A Home Run

A Home Run

A bothersome delay caused fans in ballpark lounges and suites to see the action moments after it happened in Progressive Field, home of the Cleveland Indians.

  • CLEVELAND, OH—Tensions were running high at the Club Lounge in Progressive Field, the Cleveland Indians’ ballpark. There, as patrons watched games on a 42-inch Toshiba 42LX196 HDTV, they could hear the roar of the crowd from outside whenever one of the Tribe’s big bats put wood on the ball, but the fans in the lounge wouldn’t know it had been smacked over the outfield wall until several heart-stopping seconds later when it finally appeared on their screen.
  • The situation wasn’t much better in the high-priced luxury suites. “When you are watching a ballgame on a high-definition screen in one of our 130 luxury suites—where you also have a great view of the field—reality should happen in real time,” said Jim Folk, vice president of ballpark operations at Progressive Field. “But when we started to install HD screens in our luxury suites, we found that when we took the off-the-air broadcast signals of the game back into our system, there was a very bothersome delay. It was a five-second lag at least, and that can be very annoying.”
  • To set things straight, the folks at Progressive Field turned to Rex Rickly, who is the director of special projects at WKYC-TV, Channel 3 serving the Queen City on the shores of Lake Erie. In 2007, Rickly also worked for the Indians as manager of technical services and he was given the task to fix the irksome delay in the loge boxes.
  • Rickly’s solution was to install an in-house HD channel that was backfed directly from the studio control room at WKYT-TV. They fed HDSDI from the control room to the ballpark, ran it into an encoder, and then through a 64 QAM (Quadrature Amplitude Modulation) modulator into the cable system that runs throughout the ballpark.

A key component for the new system at Progressive Field is an encoder that can compress the high-definition signal into MPEG-2 to be sent to the HD screens. After some searching, the NCoder HD made by the DVEO division of Computer Modules was chosen.A key component that Rickly had to choose for this new system was the encoder that would compress the high-definition signal into MPEG-2 to be sent to the HD screens. After some searching, Rickly chose the NCoder HD made by the DVEO division of Computer Modules.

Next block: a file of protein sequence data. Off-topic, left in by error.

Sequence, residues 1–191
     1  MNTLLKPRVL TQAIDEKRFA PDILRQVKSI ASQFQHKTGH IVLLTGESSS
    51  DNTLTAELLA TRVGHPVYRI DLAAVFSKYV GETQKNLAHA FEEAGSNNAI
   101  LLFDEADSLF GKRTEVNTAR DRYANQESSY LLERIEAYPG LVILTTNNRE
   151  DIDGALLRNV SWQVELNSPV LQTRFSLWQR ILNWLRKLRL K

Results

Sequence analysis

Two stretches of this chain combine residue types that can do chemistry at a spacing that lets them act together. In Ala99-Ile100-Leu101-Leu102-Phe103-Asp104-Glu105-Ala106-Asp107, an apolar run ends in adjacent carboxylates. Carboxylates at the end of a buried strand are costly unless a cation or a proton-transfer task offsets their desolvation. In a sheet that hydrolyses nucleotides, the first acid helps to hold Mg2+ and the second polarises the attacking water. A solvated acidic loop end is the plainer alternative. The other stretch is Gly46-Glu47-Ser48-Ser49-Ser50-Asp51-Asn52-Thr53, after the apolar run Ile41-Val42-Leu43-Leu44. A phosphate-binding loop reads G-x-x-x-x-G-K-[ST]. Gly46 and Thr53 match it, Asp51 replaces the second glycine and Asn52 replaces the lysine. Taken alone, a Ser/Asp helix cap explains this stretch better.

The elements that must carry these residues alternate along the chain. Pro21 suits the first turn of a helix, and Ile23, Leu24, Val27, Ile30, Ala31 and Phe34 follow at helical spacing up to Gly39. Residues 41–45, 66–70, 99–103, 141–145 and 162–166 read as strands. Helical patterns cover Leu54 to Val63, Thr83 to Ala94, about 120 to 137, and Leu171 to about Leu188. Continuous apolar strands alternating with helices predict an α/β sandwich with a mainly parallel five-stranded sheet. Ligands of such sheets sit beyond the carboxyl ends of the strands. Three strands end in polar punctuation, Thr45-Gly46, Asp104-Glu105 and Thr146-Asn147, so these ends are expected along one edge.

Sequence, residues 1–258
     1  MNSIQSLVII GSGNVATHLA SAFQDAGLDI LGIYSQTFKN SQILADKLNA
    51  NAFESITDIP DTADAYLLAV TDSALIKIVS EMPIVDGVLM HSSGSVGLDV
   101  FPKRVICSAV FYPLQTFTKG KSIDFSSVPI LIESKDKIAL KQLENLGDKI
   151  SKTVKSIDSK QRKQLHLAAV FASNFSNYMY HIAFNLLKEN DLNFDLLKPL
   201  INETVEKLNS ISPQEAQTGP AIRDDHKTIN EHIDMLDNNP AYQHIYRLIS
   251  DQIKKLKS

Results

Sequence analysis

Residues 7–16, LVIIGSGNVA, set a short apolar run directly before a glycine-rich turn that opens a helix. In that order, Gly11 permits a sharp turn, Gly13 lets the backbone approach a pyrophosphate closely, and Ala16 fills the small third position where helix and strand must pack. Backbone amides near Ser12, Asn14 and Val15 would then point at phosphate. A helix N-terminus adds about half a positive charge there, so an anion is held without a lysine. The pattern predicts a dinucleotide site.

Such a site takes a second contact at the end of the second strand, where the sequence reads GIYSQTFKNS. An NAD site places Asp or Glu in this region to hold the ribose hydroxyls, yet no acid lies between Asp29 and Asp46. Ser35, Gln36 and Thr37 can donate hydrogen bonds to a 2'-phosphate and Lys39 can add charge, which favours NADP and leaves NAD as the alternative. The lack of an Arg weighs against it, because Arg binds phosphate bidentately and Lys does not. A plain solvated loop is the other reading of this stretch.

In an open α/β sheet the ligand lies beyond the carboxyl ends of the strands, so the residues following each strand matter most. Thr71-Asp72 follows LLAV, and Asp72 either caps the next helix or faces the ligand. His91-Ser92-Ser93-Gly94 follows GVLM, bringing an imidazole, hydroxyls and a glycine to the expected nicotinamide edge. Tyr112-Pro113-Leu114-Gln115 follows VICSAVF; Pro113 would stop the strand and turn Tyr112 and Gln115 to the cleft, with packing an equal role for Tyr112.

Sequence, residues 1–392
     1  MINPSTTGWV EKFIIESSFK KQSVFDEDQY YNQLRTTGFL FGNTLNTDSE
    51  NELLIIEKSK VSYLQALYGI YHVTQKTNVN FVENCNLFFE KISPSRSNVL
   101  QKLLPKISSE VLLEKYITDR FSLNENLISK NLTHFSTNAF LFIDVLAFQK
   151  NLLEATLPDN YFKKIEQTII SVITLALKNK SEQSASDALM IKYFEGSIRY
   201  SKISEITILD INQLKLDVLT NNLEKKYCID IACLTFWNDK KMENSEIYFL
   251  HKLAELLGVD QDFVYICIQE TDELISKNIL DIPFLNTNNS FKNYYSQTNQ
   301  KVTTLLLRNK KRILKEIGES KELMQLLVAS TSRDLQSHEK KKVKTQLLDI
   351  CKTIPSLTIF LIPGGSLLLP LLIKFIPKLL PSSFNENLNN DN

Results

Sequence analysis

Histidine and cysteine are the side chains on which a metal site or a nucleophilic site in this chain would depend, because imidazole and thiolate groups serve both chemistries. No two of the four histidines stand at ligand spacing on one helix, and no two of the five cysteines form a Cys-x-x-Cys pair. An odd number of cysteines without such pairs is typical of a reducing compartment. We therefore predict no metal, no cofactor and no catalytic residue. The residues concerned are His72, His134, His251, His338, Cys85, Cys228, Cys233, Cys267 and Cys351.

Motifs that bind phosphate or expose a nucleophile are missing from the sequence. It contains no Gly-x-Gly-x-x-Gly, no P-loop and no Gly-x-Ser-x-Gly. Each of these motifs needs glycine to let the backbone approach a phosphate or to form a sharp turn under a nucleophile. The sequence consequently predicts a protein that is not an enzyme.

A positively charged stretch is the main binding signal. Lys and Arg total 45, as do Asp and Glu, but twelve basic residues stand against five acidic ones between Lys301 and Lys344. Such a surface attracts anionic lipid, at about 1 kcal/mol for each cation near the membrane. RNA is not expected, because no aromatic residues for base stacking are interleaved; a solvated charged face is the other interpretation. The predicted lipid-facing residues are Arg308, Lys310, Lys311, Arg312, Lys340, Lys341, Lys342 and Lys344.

“At the time we were looking [in early 2007], the NCoder HD had the lowest latency in a cost-efficient encoder design,” Rickly explained. “It was also important to us that DVEO’s NCoder had been successfully deployed at the AT&T Center in San Antonio, TX, where it was used for sportscasts of the San Antonio Spurs, San Antonio Rampage, San Antonio Silver Stars, and the San Antonio Livestock Show & Rodeo. We talked with the people in the Texas facility and their assurances gave us confidence that the NCoder would solve our problems.”

The NCoder HD’s extremely low latency is the result of DVEO’s proprietary software algorithms, and in addition to the speed advantages of the slim Linux operating system it uses Flash memory to avoid the delay inherent in getting a signal onto and off of a hard drive. Thanks to its IP interface, the NCoder can be controlled through a browser from anywhere with web access.

“DVEO was very good about working with us when I first set up the NCoder HD,” Rickly said “They helped us figure out what bit rates to choose and where the sweet points were.”

Once the system was installed, the team at Progressive Fiels had virtually no problems with the encoder or any HD video delay.